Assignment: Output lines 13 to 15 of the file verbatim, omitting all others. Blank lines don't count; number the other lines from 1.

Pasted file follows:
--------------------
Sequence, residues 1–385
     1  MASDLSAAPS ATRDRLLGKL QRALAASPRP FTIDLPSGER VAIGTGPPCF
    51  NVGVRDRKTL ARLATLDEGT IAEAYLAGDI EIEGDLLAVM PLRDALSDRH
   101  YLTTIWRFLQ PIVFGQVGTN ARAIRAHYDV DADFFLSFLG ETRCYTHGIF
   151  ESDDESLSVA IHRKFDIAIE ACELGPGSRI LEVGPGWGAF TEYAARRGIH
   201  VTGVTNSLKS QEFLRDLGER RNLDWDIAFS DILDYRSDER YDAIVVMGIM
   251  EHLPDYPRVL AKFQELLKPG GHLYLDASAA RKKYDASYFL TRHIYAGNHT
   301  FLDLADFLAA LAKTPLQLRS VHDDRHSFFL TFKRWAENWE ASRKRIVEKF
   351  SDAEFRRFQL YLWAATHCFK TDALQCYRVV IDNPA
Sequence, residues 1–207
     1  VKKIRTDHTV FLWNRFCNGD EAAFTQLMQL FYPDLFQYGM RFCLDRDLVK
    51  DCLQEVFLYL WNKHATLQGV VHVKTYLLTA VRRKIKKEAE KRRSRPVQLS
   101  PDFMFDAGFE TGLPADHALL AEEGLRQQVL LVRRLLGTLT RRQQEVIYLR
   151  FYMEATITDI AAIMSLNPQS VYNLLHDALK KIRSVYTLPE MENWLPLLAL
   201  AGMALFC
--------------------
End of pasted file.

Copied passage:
   101  PDFMFDAGFE TGLPADHALL AEEGLRQQVL LVRRLLGTLT RRQQEVIYLR
   151  FYMEATITDI AAIMSLNPQS VYNLLHDALK KIRSVYTLPE MENWLPLLAL
   201  AGMALFC